My show did seem to work well for both magicians and laypeople. On the magicianly side of things - and I'm speaking as one who's taken in "the view from the seats" at the Magic Castle hundreds of times - I know how refreshing it is to see anything at all that's different, and I knew for sure (remember: hundreds of times) that I was presenting something different. As far as the laypeople, my love of magic and of the Magic Castle definitely gushed all over the place throughout my show, and I imagine that most of them couldn't leave without joining.

The most controversial prop I presented (controversial on the home-front, I mean) was my closer, Abbott's "Silken Lady." Bill Goodwin hates this prop, on the grounds that "It's not a fooler!" To him, if anybody in the audience has any idea whatsoever of how a trick MIGHT have been accomplished, it is NOT MAGIC. I contend that, while Abbott's "Silken Lady" is not a fooler, it is a SURPRISE, and surprise is valid magic also. That was the nature of argument. Knowing of his dislike for the prop, I didn't admit to him that I had decided to present it, and I additionally barred him from seeing the show until the very last night. But people kept wandering down to the library after seeing my show and giving him spoilers, so by mid-week my secret was out.

I decided on Abbott's "Silken Lady" for my closer because I'm quite demanding on my audience, and I wanted something extremely sweet and gentle and relaxing for my last note. And although few (or perhaps none) were fooled, many were certainly surprised.
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Postby Andrew Martin Portala » 03/31/11 07:57 AM

congratulations Lisa !
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Postby Lisa Cousins » 03/31/11 03:48 PM

Immediately prior to the "Silken Lady" I did a seance-style effect where we attempted to receive a message "from the other side" for a member of the audience.

For this one, I wrote out all of my messages months ago, bundled them up and set them aside and never looked at them again. This made every show different for me, and rendered my curiosity about the message, and my pleased response to it, quite genuine.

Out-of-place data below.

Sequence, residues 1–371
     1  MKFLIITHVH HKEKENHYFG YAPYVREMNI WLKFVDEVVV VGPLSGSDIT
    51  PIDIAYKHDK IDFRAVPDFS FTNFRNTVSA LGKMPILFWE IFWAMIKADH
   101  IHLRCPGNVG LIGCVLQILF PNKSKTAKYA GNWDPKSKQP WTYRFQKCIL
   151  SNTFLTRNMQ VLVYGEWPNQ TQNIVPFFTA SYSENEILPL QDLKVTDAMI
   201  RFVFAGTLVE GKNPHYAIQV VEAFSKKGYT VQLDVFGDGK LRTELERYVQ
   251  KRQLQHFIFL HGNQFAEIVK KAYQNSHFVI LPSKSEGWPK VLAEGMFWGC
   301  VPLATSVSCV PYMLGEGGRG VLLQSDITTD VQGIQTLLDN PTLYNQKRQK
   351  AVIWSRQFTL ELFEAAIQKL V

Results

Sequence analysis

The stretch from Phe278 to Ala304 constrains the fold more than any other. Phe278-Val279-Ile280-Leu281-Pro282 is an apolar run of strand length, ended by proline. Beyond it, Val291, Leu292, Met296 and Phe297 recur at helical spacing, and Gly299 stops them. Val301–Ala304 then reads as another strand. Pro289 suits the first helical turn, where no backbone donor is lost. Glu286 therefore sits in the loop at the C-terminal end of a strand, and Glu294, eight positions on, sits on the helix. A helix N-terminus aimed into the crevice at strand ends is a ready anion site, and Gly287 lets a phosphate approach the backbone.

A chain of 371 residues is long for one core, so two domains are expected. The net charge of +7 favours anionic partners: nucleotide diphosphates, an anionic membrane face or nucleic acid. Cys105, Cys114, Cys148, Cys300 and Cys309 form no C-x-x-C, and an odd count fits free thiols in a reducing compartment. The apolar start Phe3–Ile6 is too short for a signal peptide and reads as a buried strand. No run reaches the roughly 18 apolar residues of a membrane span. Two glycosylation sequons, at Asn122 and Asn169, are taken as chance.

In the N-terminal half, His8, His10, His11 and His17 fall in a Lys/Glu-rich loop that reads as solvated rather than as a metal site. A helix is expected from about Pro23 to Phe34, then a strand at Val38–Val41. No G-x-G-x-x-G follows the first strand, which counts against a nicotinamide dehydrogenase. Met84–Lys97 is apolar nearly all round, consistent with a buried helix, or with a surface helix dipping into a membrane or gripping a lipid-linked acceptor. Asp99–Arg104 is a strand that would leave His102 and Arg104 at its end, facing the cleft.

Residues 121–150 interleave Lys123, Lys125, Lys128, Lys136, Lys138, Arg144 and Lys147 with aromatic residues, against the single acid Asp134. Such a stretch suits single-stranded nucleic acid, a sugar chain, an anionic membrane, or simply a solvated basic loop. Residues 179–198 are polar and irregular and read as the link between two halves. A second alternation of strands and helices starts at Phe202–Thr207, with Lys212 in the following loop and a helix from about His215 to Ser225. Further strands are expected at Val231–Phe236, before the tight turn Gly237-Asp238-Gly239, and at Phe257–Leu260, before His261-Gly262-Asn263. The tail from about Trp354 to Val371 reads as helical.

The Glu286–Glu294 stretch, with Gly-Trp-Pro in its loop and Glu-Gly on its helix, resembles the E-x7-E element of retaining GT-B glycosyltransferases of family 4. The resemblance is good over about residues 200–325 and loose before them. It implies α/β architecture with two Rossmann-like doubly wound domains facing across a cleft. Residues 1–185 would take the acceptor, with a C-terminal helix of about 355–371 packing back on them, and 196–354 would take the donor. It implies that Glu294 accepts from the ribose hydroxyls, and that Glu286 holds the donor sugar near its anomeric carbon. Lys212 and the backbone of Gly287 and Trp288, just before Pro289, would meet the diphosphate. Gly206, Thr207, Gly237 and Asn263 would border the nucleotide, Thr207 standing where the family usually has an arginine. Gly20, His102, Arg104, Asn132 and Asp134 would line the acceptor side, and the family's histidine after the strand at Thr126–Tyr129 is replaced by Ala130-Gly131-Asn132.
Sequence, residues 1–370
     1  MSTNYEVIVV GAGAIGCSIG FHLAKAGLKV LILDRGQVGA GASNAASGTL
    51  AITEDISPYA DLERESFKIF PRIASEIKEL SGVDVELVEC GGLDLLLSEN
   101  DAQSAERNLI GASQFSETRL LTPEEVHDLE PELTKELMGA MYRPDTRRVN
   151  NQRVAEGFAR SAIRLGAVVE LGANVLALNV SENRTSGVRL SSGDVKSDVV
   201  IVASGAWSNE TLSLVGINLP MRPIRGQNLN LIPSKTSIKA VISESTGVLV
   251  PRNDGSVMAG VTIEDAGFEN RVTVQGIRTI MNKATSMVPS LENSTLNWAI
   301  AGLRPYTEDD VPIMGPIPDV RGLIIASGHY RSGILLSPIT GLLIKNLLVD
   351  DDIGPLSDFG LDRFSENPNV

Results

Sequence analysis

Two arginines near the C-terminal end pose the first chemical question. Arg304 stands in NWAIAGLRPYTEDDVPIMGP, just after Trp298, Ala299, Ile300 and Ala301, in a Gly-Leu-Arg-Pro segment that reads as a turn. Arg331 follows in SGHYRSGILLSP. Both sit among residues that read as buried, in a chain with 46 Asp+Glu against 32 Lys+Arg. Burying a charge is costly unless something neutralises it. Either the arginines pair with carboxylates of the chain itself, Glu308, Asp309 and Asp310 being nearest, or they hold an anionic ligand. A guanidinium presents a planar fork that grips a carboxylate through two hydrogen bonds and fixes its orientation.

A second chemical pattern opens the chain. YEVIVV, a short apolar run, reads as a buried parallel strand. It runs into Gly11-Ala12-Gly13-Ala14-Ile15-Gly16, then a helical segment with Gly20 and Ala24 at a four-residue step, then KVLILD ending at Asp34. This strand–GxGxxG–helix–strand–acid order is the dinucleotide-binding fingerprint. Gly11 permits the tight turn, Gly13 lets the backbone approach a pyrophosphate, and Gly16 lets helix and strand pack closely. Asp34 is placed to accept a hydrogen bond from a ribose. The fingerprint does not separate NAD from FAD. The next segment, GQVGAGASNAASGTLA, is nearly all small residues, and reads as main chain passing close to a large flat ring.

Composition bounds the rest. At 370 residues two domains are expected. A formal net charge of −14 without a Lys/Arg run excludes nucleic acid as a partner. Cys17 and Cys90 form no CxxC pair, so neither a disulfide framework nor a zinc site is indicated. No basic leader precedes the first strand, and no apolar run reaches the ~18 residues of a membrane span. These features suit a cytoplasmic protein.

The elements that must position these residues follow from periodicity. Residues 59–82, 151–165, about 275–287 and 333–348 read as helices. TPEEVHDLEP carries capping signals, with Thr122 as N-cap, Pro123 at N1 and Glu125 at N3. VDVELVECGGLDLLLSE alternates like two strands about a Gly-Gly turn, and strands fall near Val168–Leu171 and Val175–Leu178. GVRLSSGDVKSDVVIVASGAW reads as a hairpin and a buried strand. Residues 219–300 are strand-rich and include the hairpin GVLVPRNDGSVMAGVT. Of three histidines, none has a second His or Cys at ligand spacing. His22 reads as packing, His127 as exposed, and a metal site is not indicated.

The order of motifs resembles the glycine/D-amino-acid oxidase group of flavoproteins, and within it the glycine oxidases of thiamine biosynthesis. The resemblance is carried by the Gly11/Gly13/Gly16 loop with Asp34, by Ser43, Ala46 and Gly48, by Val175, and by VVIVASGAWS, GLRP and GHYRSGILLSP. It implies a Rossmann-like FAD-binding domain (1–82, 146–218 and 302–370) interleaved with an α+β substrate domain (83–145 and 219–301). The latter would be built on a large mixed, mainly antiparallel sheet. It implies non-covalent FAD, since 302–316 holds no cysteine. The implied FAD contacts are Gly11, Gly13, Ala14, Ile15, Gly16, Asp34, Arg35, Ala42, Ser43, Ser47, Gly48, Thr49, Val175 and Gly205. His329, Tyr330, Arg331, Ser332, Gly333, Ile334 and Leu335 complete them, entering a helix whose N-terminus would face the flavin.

My one regret is that I had mixed in a few messages that were on the light-hearted side ("He who hesitates ... is sometimes saved," and "You live and learn. At any rate, you live.") These did not work nearly as well as the beautiful sentiments, and I'm glad that the majority of my selections were along those lines.

On the other hand, I did decide on the light-hearted approach to getting into the seance. I recognized that I had the option of playing it with utter seriousness and taking it very deep, but careful reflection upon the setting and circumstances made me choose the playful route. This was one of those areas that received testing in the early days of the week, and the final form of the segue line was "We're going to be using a classic crystal ball for this. I understand that in this age of the iPad, modern mediums are using the new iBall - and they're getting great connections - but we're going to do it the old-fashioned way. We're going to work for it!"

Making a joke going into the seance, and then having the message itself be a joke, proved to be too much joke. The beautiful sentiment was the way to go.
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Postby Gordon Meyer » 03/31/11 04:57 PM

Nice, Lisa, I really appreciate your strategy for keeping the revealed message fresh and surprising, even for you.
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Postby Dustin Stinett » 03/31/11 05:21 PM

Lisa,

Regarding the Silken Lady: For what its worth, a guy in the front row leaned over to his wife and whispered, How the hell is she doing that? as you were vanishing the scarves. Not, How does that box work? it was How is she doing that.

Our mutual friend who you might recall was with me that night commented to me afterward that he wished that there had been an image of the lady beforeversus a blank whatever it iswearing undergarments of the period. Butagain, for what its worthwith him being a fulltime professional entertainer, he felt that the piece as presented was very good.

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Postby Russell Davis » 04/05/11 10:31 PM

What a great inside view of the the Castle. Really really reminds you of what you love about magic and its complexity and really really makes you want to perform there.